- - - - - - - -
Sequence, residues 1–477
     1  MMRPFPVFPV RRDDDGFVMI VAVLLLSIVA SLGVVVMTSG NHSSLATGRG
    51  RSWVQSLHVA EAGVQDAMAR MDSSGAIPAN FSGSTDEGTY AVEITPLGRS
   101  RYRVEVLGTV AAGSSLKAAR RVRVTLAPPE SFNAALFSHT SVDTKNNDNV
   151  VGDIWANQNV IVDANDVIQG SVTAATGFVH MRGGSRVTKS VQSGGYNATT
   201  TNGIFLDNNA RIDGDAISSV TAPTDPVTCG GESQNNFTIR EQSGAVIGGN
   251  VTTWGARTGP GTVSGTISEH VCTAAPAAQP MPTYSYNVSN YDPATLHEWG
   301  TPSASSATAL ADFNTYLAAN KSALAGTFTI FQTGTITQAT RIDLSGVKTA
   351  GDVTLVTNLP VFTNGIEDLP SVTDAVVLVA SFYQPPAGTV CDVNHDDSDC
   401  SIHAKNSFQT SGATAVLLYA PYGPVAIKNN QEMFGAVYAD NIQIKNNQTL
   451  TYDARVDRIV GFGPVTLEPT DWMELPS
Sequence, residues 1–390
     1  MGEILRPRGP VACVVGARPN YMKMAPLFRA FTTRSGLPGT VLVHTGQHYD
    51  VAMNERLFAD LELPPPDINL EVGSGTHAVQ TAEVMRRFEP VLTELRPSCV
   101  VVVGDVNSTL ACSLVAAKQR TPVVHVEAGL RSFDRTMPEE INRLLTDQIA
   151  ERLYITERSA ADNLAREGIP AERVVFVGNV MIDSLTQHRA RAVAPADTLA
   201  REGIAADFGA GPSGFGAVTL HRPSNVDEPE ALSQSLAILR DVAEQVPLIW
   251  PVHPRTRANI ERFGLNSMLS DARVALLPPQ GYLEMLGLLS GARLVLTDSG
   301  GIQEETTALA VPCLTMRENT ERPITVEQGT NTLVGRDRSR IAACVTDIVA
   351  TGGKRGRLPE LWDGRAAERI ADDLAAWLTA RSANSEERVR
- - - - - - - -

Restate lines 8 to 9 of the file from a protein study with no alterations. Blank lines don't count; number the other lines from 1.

   301  TPSASSATAL ADFNTYLAAN KSALAGTFTI FQTGTITQAT RIDLSGVKTA
   351  GDVTLVTNLP VFTNGIEDLP SVTDAVVLVA SFYQPPAGTV CDVNHDDSDC